It's Wales@Westminster Newslog, BBC Wales' Parliamentary correspondent David Cornock's diary on political life. It's a two-way process though, so add your comments too.
Thursday 9 October
Cat and mouse
posted by David | 1335 BST | Add comment
When the cats are away, the mice come out to play.
With the 12 Tory AMs back in Wales earning their living in the assembly, it was left to the voluntary wing of the Welsh party to hold the fort in Blackpool.
Step forward Carole Hyde, the formidable chairman (no chairperson she) of the Welsh Conservative Party.
Yes, she loved Iain Duncan Smith's speech. Yes, the Tories would win the next general election under his leadership.
But there was more.
Mrs Hyde told me that the assembly should be stripped of its powers over health and education as public services under Labour were so "dismal".
This won't ever become party policy but it was striking to hear it from a member of the board, which runs the UK party.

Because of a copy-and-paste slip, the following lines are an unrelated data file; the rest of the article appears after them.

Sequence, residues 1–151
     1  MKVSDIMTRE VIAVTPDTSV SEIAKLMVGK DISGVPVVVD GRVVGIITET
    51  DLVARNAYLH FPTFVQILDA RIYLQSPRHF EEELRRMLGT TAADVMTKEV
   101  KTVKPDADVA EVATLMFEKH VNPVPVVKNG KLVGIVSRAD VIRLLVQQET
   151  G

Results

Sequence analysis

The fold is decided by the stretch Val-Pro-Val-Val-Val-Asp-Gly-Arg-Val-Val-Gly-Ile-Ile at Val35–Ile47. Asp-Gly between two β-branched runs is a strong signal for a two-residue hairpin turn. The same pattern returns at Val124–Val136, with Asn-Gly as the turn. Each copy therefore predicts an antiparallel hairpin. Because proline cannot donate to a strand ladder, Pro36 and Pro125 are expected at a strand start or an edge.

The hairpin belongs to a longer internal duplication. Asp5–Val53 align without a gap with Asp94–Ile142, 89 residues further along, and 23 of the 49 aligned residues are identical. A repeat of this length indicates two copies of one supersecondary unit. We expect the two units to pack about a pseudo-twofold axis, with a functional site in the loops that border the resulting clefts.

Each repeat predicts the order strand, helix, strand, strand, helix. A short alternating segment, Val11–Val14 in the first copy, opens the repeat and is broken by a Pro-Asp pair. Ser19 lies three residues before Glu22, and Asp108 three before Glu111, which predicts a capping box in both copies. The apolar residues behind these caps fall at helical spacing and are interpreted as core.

I suspect Nick Bourne, leader of the party's assembly group, will be tempted to stay during next year's conference to keep an eye on his flock.
posted by David | 1005 BST | Add comment
More than four years after devolution, do political parties understand how the UK is now governed?
The Conservatives have unveiled several policies this week in Blackpool, only some of which would apply in Wales.
You wouldn't know that from reading the document waved by Iain Duncan Smith today - "Trusting People".
Nowhere does it explain how Tory policies on health and education would apply in England only.
The confusion extends to party members, even MPs and AMs - professional politicians who should know better. Let's hope things are clearer by the time of the next general election.
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